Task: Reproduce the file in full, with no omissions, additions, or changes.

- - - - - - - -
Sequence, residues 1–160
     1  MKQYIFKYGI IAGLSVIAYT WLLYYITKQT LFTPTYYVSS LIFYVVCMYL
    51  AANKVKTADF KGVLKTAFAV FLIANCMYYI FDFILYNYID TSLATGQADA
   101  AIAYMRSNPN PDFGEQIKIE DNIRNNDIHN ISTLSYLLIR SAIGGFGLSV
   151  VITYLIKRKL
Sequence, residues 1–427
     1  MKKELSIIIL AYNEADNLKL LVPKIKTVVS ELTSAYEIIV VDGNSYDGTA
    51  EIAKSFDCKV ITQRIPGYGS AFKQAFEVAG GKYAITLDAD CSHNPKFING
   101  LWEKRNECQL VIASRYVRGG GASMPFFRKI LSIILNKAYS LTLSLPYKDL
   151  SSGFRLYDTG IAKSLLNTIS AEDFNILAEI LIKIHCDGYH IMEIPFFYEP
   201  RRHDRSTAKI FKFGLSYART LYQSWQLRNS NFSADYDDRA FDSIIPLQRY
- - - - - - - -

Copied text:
Sequence, residues 1–160
     1  MKQYIFKYGI IAGLSVIAYT WLLYYITKQT LFTPTYYVSS LIFYVVCMYL
    51  AANKVKTADF KGVLKTAFAV FLIANCMYYI FDFILYNYID TSLATGQADA
   101  AIAYMRSNPN PDFGEQIKIE DNIRNNDIHN ISTLSYLLIR SAIGGFGLSV
   151  VITYLIKRKL
Sequence, residues 1–427
     1  MKKELSIIIL AYNEADNLKL LVPKIKTVVS ELTSAYEIIV VDGNSYDGTA
    51  EIAKSFDCKV ITQRIPGYGS AFKQAFEVAG GKYAITLDAD CSHNPKFING
   101  LWEKRNECQL VIASRYVRGG GASMPFFRKI LSIILNKAYS LTLSLPYKDL
   151  SSGFRLYDTG IAKSLLNTIS AEDFNILAEI LIKIHCDGYH IMEIPFFYEP
   201  RRHDRSTAKI FKFGLSYART LYQSWQLRNS NFSADYDDRA FDSIIPLQRY